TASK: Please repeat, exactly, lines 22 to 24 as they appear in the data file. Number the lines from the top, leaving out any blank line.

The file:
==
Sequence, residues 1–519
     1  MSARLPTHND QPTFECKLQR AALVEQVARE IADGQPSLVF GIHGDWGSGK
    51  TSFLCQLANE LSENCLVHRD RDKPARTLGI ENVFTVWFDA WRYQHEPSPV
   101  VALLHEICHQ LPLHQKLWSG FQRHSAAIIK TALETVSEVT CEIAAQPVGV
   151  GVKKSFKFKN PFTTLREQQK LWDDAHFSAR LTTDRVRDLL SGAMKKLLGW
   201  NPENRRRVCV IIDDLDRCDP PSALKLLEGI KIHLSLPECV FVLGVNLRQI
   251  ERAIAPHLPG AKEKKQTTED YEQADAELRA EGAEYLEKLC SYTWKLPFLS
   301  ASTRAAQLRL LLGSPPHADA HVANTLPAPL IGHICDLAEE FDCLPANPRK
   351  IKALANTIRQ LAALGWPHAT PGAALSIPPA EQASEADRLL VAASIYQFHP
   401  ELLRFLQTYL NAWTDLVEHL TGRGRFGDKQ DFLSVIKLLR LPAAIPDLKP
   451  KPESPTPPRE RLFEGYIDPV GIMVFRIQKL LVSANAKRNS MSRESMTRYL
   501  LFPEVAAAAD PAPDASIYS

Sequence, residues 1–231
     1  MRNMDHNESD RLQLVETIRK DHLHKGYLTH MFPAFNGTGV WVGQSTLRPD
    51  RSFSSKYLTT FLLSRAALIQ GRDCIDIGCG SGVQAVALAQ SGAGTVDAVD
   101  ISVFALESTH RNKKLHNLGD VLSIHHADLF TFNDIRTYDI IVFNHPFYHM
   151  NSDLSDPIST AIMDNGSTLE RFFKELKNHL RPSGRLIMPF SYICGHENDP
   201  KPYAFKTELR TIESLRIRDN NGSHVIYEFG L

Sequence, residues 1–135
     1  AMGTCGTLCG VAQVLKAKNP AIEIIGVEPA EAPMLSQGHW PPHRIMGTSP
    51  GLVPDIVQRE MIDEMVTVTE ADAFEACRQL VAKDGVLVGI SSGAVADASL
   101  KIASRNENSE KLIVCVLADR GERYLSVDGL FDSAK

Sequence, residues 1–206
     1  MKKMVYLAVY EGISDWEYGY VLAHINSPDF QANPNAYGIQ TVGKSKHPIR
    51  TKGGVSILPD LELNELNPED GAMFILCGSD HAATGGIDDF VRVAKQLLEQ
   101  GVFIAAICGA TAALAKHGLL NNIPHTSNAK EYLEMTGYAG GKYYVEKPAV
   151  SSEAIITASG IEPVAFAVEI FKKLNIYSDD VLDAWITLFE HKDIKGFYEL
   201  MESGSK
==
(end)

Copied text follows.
   101  KIASRNENSE KLIVCVLADR GERYLSVDGL FDSAK

Sequence, residues 1–206
     1  MKKMVYLAVY EGISDWEYGY VLAHINSPDF QANPNAYGIQ TVGKSKHPIR